The Iroquois Theatre fire happened on December 30, 1903,[ in Chicago, Illinois. It was the deadliest theater fire and the deadliest single-building fire in United States history. At least 602 people died as a result of the fire, but not all the deaths were reported, as some of the bodies were removed from the scene.


The Iroquois Theatre was at 24–28 West Randolph Street, between State Street and Dearborn Street, in Chicago. The syndicate that bankrolled its construction chose the location specifically to attract women on day trips from out of town who, it was thought, would be more comfortable attending a theater near the safe, police-patrolled Loop shopping district.The theater opened on November 23, 1903 after numerous delays due to labor unrest and, according to one writer, the unexplained inability of architect Benjamin Marshall to complete required drawings on time. Upon opening it was lauded by drama critics; Walter K. Hill wrote in the New York Clipper (a predecessor of Variety) that the Iroquois was “the most beautiful … in Chicago, and competent judges state that few theaters in America can rival its architectural perfections …”

The Iroquois had a capacity of 1,602 with three audience levels. The main floor, known as the orchestra or parquet, had approximately 700 seats on the same level as the foyer and Grand Stair Hall. The second level, the dress circle or [first] balcony, had more than 400 seats. The third level, the gallery, had about 500 seats. There were four boxes on the first level and two above.

The theater had only one entrance. A broad stairway which led from the foyer to the balcony level was also used to reach the stairs to the gallery level. Theater designers claimed this allowed patrons to “see and be seen” regardless of the price of their seats. However, the common stairway ignored Chicago fire ordinances that required separate stairways and exits for each balcony. The design proved disastrous: people exiting the gallery encountered a crowd leaving the balcony level, and people descending from the upper levels met the orchestra level patrons in the foyer. The backstage areas were unusually large. Dressing rooms were on five levels, and an elevator was available to transport actors down to the stage level. A fly gallery (where scenery was hung) was also uncommonly large.

The Iroquois Theatre, following the tragedy, was renamed and reopened as the Colonial Theatre in 1904. It remained active until the building was demolished in 1925. In 1926, the Oriental Theatre was built on the site.

Fire readiness deficiencies noted before the fire

Despite being billed as “Absolutely Fireproof” in advertisements and playbills,[ numerous deficiencies in fire readiness were apparent:

  • An editor of Fireproof Magazine toured the building during construction and noted “the absence of an intake, or stage draft shaft; the exposed reinforcement of the (proscenium) arch; the presence of wood trim on everything and the inadequate provision of exits.”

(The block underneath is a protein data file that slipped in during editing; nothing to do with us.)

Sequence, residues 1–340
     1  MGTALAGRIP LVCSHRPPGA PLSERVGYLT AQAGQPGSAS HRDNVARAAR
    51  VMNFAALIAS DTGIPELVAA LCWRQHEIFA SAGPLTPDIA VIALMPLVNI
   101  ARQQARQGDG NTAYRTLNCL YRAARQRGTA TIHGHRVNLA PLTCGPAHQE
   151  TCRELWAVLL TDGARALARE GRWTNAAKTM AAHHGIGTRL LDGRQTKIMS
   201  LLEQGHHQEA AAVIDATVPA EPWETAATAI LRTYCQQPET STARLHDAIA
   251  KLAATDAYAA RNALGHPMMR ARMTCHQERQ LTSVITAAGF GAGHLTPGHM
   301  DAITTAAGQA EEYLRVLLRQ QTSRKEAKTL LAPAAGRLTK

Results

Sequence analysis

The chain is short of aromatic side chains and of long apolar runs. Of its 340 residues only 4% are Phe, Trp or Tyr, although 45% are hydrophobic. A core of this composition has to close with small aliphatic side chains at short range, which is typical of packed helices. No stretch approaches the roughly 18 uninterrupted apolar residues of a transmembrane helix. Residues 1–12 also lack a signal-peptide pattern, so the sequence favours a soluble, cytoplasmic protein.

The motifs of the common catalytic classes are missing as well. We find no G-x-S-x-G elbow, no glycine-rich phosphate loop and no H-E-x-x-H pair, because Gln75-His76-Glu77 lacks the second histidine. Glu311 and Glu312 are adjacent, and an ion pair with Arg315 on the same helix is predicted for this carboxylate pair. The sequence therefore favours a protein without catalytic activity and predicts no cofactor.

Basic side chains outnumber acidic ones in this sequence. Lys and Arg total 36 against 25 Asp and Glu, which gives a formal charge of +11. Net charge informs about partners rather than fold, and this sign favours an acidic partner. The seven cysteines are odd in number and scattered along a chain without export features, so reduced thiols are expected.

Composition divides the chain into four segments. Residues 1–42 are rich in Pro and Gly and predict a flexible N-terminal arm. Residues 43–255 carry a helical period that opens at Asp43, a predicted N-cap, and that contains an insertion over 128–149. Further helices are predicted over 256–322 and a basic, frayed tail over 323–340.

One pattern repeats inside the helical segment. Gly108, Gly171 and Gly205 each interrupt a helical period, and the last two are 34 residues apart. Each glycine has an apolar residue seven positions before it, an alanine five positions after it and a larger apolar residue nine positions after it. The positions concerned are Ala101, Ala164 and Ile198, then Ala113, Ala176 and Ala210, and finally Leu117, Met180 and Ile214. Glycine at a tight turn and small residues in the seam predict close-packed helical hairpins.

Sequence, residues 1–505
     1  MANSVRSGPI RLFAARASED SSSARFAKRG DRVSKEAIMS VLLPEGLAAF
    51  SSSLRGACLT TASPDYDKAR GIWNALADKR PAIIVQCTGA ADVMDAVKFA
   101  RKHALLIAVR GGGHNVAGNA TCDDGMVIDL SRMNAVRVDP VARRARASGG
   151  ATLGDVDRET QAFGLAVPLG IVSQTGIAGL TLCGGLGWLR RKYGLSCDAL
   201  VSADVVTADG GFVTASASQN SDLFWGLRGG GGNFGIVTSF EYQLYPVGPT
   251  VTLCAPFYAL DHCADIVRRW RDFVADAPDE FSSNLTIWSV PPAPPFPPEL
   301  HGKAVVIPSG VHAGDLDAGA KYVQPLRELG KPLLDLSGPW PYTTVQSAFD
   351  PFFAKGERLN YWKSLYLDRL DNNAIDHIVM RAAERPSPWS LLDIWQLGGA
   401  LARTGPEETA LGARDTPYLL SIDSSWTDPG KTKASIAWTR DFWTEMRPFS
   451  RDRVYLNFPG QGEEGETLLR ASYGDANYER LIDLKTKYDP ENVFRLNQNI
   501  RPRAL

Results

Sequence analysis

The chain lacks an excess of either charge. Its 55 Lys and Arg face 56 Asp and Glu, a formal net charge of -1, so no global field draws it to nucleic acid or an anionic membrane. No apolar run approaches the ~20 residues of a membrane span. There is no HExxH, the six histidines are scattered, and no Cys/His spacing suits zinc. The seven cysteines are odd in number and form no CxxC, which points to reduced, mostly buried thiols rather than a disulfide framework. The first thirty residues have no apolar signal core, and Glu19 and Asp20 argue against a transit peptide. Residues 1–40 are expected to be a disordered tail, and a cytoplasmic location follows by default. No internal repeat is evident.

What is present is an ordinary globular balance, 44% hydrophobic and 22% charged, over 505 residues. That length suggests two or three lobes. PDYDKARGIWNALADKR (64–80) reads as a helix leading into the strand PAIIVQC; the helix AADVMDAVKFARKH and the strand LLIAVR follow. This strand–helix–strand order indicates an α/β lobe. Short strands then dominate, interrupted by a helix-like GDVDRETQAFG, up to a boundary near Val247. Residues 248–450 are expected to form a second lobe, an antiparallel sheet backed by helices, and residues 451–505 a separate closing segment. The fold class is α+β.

• A Chicago Fire Department captain who made an unofficial tour of the theater days before the official opening noted that there were no sprinklers, alarms, telephones, or water connections. The captain pointed out the deficiencies to the theater’s fire warden but was told that nothing could be done, as the fire warden would simply be dismissed if he brought the matter up with the syndicate of owners. When the captain reported the matter to his commanding officer, he was again told that nothing could be done, as the theater already had a fire warden.
  • The onsite firefighting equipment consisted of six “Kilfyre” extinguishers. Kilfyre was a form of dry chemical fire extinguisher also sold for dousing chimney fires in residential houses. It consisted of a 2″ × 24″ tube of tin filled with about three pounds of white powder, mostly sodium bicarbonate. The user was instructed to “forcibly hurl” the contents of the tube at the base of the flames. The fire began high above the stage, so the Kilfyre, when thrown, fell uselessly to the ground.

The fire

On December 30, 1903, a Wednesday, the Iroquois presented a matinee performance of the popular Drury Lane musical Mr. Blue Beard, which had been playing at the Iroquois since opening night. The play, a burlesque of the traditional Bluebeard folk tale, featured Dan McAvoy as Bluebeard and Eddie Foy as Sister Anne, a role that let him showcase his physical comedy skills. Attendance since opening night had been disappointing, people having been driven away by poor weather, labor unrest, and other factors. The December 30 performance drew a much larger sellout audience. Tickets were sold for every seat in the house, plus hundreds more for the “standing room” areas at the back of the theater. Many of the estimated 2,100–2,200 patrons attending the matinee were children. The standing room areas were so crowded that some patrons instead sat in the aisles, blocking the exits.

At about 3:15 that afternoon, shortly after the beginning of the second act, eight men and eight women were performing In the Pale Moonlight. Sparks from an arc light ignited a muslin curtain, probably as a result of an electrical short circuit. A stagehand tried to douse the fire with the Kilfyre canisters provided, but it quickly spread to the fly gallery high above the stage. There, several thousand square feet of highly flammable painted canvas scenery flats were hung. The stage manager tried to lower the asbestos fire curtain, but it snagged. Early reports state that it was stopped by the trolley-wire that carried one of the acrobats over the stage, but later investigation showed that the curtain had been blocked by a light reflector which stuck out under the proscenium arch . A chemist who later tested part of the curtain stated that it was mainly wood pulp mixed with asbestos, and would have been “of no value in a fire”.

Foy, who was preparing to go on stage at the time, ran out and attempted to calm the crowd, first making sure that his young son was in the care of a stagehand. He later wrote, “It struck me as I looked out over the crowd during the first act that I had never before seen so many women and children in the audience. Even the gallery was full of mothers and children.” Foy was widely seen as a hero after the fire for his courage in remaining on stage and pleading with patrons not to panic even as large chunks of burning scenery landed around him.